The media has two weeks to fill newspaper and broadcast space with coverage of two NFL teams. Every nuance of each player on both teams now becomes a critical human-interest story. Other insignificant issues being covered, such as Americans dying in Iraq
and the sluggish economy, understandably take a backseat to the riveting question that haunts every American: who has the best
Dont get me wrong, I am a lifelong sports fan and played quite a bit of football in a previous life. For me, the NFL playoff games leading up to the Super Bowl can be compelling viewing. It is the Super Bowl, itself, that makes my stomach turn.
Quickly, tell me what you remember about last years Super Bowl game. For 90% of you, Janet Jacksons wardrobe malfunction is the only thing that comes to mind. Therein lies the problem. These games are mostly forgettable.
During the regular season, more than half of NFL games are decided by a touchdown or less. Yet, only 8 of 38 Super Bowls in history have been decided by less than seven points. Eleven Super Bowls have been blowouts - determined by more than 20 points. The reason for lopsided games: the players are not ready to perform which is reflected in the quality of play and the final score.
Lets face it - these guys arent really athletes in the first place. Typically, a starting NFL player might play five minutes during the course of a 60-minute game. Since the clock is usually running during the huddles and football players never play both offense and defense, it is difficult for them to work up a sweat. Throw in a two-week period of pre-Super Bowl partying between games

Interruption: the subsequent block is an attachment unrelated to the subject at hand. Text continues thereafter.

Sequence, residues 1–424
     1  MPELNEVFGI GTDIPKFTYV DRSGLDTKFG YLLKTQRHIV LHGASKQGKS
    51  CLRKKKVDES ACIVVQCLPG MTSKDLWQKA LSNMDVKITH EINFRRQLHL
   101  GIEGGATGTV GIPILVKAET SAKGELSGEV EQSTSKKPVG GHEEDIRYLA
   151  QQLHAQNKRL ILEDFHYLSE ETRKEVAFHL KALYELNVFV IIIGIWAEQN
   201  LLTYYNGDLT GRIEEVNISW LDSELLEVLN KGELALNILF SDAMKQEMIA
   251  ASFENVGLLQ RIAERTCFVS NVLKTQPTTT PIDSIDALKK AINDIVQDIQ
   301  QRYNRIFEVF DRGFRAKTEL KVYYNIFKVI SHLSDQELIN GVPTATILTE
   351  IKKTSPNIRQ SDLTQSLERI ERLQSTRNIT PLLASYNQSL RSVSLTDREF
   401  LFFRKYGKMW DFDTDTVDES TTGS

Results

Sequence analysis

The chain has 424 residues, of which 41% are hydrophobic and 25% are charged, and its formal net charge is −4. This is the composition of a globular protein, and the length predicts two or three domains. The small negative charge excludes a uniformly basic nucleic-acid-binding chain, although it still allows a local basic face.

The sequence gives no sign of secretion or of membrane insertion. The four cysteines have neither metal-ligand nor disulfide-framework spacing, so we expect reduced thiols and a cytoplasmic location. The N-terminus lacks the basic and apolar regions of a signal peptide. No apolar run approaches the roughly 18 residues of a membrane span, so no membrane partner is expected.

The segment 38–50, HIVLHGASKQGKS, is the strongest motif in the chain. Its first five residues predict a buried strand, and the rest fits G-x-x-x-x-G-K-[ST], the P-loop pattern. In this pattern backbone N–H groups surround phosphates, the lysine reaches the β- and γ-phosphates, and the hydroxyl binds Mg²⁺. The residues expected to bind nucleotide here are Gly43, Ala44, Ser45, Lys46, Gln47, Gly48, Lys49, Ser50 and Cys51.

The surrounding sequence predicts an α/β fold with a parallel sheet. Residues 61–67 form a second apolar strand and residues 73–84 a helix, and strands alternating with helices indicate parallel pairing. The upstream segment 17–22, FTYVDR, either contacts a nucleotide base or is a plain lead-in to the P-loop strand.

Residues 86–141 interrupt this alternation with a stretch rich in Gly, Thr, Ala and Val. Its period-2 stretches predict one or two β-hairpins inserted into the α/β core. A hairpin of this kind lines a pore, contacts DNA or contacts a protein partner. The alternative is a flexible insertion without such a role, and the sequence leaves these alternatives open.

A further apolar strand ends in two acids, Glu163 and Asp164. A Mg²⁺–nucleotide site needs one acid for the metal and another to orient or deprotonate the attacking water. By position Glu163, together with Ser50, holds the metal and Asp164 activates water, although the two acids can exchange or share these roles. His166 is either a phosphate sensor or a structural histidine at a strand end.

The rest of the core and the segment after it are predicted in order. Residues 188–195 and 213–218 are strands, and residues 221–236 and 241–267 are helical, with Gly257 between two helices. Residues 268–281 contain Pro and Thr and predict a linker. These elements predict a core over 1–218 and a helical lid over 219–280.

and you end up with two teams more physically unfit than usual and out of sync from not playing.
Why are we subjected to over-the-top hype from this sub-par event? Obviously, some folks stand to make a great deal of money if we are all conned into making a big deal out of a lousy football game. Fox Sports Network is anticipating the largest viewing audience for any program in history: more than 140 million TV zombies for Super Bowl XXXIX on February 6th. If you are a business interested in placing an ad on Fox, expect to pay a mere $2.4 million for every 30-second slot if there is any more time available.
If you, too, are upset by the prospect of watching this game, let me recommend almost any activity other than plopping down on the sofa to endure still another Stuper Bowl. Why not grab a friend or spouse and go out to dinner? How about a vigorous snowshoe or ski outing in beautiful Northern Michigan? If that type of activity is of interest, you might even check out the Womens Ski Tour near Traverse City held on Super Bowl Sunday (see ad elsewhere within this issue). Clean your house anything else is more productive than staring at the Super Bowl fiasco.
One year, I watched several hours of The Andy Griffith Show on TV reruns during a 24-hour fest of Andy, Barney, Gomer, and Aunt Bea. Believe me, the old Mayberry gang is much funnier than Terry Bradshaw, Howie Long, James Brown and their buddies on Fox.